While Emily Blunt may have been positively enchanting portraying everyone’s favourite nanny on the big screen last year, who can forget Julie Andrews’ classic words from the 1964 original:
“In every job that must be done, there is an element of fun. You find the fun and – SNAP – the job’s a game!”
In that very short sentence, Mary Poppins was able to convey a powerful message of work engagement that as is typical with rebellious children, would go on to be ignored for decades to come. In fact, only now is the true hidden wisdom behind those words being rediscovered today.
This is thanks to gamification.
What Is It?
To explain this concept, it is better to begin with an example.
Back in 2010, when gamification was hardly on anyone’s radar, the Swedish government decided to put to the test a most fascinating theory: that with the right degree of positive motivation, drivers would be a lot more likely to adhere to established speed limits.
In order to do this, Stockholm worked with a man called Kevin Richardson, who had previously won Volkswagen’s Fun Theory competition. As a result of this collaboration, for a limited time only, people driving at or below the speed limit would be entered into a lottery for a chance to win the proceeds of the traffic fines imposed on speeders. Unsurprisingly, the experiment was a huge success, with the average detected speed decreasing 7 km/h.
Yet the process of integrating game mechanics into non-game contexts is not limited to the public sector. In fact, a recent survey found that employees making use of gamification at work were generally more productive (87 percent of surveyed individuals), more engaged (84%) and considerably happier than their ungamified counterparts (82%).
How We Can Help
While this in no way indicates that the entire workplace should be transformed into one big plaything, there are certainly specific areas where game attributes may be employed. And this, of course, is where Software Planet Group comes in.
We could, for instance, implement a company-wide application that enables employees to get to know their workmates better by displaying five photos of peers and a simple personal question. Thus, for example, one could be greeted with something such as “of the colleagues displayed below, who is the account manager?” or even, “who amongst your coworkers is particularly adept at fishing?” Once the right answer is revealed — whether chosen correctly or incorrectly — users would then be able to log into their company’s system.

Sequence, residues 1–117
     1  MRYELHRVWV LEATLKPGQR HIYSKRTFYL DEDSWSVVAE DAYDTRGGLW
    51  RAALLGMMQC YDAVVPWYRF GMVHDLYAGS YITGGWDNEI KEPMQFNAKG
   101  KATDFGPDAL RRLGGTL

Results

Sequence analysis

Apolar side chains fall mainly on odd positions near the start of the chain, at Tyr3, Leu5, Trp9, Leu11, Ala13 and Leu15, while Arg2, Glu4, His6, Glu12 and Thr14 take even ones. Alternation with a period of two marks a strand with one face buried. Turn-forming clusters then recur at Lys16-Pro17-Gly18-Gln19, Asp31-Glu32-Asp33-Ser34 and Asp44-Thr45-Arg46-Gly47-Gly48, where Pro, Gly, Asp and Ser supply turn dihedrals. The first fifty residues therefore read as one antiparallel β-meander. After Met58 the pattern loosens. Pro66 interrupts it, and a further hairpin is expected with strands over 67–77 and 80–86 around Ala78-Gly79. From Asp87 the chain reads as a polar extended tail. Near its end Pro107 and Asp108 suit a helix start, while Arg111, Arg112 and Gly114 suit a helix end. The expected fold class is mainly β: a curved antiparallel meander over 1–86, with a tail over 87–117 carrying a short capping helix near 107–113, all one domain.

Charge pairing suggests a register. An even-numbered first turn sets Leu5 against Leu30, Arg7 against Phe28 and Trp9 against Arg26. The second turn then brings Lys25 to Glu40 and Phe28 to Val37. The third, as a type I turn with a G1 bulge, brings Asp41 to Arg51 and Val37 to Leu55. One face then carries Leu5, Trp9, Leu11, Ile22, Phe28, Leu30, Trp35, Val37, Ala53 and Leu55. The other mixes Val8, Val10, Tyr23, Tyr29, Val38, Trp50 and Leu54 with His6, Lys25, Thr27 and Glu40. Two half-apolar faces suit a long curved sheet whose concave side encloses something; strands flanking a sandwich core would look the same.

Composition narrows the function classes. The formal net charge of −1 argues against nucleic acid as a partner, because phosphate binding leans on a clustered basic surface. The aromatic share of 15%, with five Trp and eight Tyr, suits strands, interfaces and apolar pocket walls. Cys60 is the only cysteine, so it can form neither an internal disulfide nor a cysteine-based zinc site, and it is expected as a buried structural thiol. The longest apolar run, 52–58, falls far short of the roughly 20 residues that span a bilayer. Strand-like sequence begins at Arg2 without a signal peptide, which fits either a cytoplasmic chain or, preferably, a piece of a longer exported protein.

And because gamification provides us with an excellent opportunity to recognise employees who are doing an exceptional job, your business may also benefit from developing a rewarding badge system. A great way to accomplish this, for instance, would be to allow your managers to add “likes” to the profiles of workers. In this way, whenever a task is completed with excellence, a like could then be added to the responsible worker’s page. And on that note, by the way, at the end of every period, employees who have racked up the most likes could even be presented with special privileges, like 5 extra holiday days or whichever other perk you decide!
Even though the sound of it is indeed something quite atrocious, gamification offers companies a new and exciting way to engage and motivate their workforce like it was never possible before — this reason alone should make it definitely worth considering!
But most important of all, whichever game you decide to create, make sure that it is crafted with your company’s main goals in mind. Here too, of course, SPG stand ready to help.